German at Oxford Personal Statement

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lucygibbons08
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Hey, I’m already beginning to think about the academic content for my personal statement, and I will be
applying for German at Oxford beginning 2022. Due to Covid, I will be unable to attend exhibitions or even go to a German speaking country therefore I am relying on books, films etc to show my interest. Has anyone got any literature/ films suggestions???
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harrysbar
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(Original post by lucygibbons08)
Hey, I’m already beginning to think about the academic content for my personal statement, and I will be
applying for German at Oxford beginning 2022. Due to Covid, I will be unable to attend exhibitions or even go to a German speaking country therefore I am relying on books, films etc to show my interest. Has anyone got any literature/ films suggestions???
I wonder if you have any suggestions Oxford Mum?
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lucygibbons08
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^^ I have just read Nachdenken Über Christa T (in english) and I am just starting Effi Briest (english) by Theodor Fontane. I am reading in English atm because I am a year 12 and as I am only 2 terms into German A Level , I don’t want to overwhelm myself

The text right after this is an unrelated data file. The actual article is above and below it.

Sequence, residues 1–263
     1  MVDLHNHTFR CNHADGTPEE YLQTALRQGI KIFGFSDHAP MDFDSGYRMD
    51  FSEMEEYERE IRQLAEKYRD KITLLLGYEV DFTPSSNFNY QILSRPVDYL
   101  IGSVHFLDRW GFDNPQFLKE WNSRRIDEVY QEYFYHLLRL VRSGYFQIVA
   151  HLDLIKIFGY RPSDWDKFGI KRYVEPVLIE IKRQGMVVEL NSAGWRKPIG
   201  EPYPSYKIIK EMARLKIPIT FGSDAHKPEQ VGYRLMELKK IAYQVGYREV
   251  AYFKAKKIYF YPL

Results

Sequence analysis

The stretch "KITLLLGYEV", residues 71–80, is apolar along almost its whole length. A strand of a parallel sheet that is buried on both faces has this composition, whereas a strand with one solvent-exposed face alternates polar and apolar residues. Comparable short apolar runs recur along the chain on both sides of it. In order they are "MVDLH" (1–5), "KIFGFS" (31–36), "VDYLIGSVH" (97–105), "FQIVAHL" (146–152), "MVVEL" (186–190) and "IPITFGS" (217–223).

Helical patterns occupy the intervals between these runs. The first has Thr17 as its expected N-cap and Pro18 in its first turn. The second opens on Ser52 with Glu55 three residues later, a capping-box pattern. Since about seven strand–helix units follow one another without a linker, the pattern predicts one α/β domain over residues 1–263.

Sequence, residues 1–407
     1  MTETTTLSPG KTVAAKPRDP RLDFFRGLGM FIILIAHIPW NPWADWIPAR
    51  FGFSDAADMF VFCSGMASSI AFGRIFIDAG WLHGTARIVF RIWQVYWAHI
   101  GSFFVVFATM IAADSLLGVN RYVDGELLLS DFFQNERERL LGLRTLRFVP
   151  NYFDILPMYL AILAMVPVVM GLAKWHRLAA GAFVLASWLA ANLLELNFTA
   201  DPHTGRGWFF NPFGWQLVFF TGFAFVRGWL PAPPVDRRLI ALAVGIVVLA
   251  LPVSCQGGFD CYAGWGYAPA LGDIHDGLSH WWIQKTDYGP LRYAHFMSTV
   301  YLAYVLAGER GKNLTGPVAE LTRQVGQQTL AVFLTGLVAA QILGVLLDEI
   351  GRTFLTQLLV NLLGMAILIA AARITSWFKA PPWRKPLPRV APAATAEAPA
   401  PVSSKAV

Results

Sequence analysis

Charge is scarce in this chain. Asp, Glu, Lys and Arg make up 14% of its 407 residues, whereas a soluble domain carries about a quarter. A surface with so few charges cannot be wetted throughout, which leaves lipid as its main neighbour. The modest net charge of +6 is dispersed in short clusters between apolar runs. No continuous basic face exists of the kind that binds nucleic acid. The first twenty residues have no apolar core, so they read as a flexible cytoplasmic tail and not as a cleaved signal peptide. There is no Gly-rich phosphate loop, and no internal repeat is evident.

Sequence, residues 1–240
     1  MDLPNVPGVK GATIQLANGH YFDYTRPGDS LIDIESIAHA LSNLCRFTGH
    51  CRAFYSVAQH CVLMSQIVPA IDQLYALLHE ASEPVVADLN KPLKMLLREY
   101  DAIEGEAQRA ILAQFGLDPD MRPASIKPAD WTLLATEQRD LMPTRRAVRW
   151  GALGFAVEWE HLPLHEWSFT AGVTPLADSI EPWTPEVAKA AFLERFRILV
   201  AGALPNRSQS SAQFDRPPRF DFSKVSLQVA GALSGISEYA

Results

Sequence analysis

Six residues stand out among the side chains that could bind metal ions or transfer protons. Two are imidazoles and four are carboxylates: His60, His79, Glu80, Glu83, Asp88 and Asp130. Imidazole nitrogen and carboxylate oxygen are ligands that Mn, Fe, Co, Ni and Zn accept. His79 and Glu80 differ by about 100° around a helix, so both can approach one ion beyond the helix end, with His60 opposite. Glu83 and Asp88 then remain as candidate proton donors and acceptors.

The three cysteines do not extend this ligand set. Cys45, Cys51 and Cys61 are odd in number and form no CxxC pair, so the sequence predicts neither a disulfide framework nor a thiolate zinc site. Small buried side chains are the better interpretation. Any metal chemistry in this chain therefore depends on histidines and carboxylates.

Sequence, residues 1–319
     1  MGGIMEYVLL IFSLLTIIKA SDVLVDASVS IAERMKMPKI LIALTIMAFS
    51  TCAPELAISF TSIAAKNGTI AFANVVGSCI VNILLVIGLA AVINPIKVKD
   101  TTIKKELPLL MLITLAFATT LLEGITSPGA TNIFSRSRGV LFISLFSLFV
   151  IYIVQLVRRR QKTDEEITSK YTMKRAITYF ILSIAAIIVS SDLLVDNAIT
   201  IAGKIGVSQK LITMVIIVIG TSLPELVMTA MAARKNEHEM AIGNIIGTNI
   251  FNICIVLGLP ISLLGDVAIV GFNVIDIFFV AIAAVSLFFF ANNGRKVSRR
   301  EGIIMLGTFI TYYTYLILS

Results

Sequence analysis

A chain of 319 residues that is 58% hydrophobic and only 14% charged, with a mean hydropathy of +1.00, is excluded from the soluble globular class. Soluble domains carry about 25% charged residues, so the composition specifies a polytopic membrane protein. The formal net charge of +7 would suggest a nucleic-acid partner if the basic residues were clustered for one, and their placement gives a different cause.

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Oxford Mum
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(Original post by lucygibbons08)
Hey, I’m already beginning to think about the academic content for my personal statement, and I will be
applying for German at Oxford beginning 2022. Due to Covid, I will be unable to attend exhibitions or even go to a German speaking country therefore I am relying on books, films etc to show my interest. Has anyone got any literature/ films suggestions???
I love Sansibar oder der letzte Grund, der Vorleser (Reader), die Leiden des jungen Werther (which helped my son get into Oxford for German), der Sandmann, Leben des Galilei, Tod in Venedig, die Brandstifter

Films - der Untergang (about the last days of Hitler), das Leben der Anderen, die Welle, die verlorene Ehre der Katarina Blum, of course die blaue Engel Goodbye Lenin
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lucygibbons08
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thank you so much! how much needs to be read in german and how much can i read in translation
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Oxford Mum
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(Original post by lucygibbons08)
thank you so much! how much needs to be read in german and how much can i read in translation
I would not recommend reading a translation, as how can you learn any German? Maybe start out with something simple like Emil und die Detektive or Biedermann und die Brandstifter.

If you come to a word you don't know, look up the English. Son used to make a file of unfamiliar vocab and learn it. also read simple articles like Bild and "build" up from there, lol.